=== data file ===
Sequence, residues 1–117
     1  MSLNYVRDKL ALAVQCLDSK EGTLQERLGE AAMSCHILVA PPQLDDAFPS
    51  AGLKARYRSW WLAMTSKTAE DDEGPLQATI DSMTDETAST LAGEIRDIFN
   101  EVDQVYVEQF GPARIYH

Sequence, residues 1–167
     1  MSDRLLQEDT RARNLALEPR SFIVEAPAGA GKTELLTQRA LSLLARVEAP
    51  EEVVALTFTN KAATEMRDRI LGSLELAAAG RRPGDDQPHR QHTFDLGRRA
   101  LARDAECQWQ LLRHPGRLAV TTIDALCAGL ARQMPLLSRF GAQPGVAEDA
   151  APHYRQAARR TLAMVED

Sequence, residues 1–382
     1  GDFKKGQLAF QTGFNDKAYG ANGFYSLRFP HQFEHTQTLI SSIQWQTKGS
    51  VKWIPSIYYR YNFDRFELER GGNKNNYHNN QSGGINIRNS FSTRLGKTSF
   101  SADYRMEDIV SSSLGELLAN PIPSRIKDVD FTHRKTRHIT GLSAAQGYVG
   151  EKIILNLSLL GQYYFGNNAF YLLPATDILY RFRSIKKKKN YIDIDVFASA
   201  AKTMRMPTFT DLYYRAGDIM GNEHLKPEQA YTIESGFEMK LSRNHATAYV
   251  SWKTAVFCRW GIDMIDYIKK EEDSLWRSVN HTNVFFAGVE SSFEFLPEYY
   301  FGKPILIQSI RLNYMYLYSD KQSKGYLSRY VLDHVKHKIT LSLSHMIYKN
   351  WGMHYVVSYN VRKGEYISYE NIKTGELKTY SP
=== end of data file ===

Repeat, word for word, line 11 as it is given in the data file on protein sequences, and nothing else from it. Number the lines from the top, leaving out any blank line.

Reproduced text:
     1  GDFKKGQLAF QTGFNDKAYG ANGFYSLRFP HQFEHTQTLI SSIQWQTKGS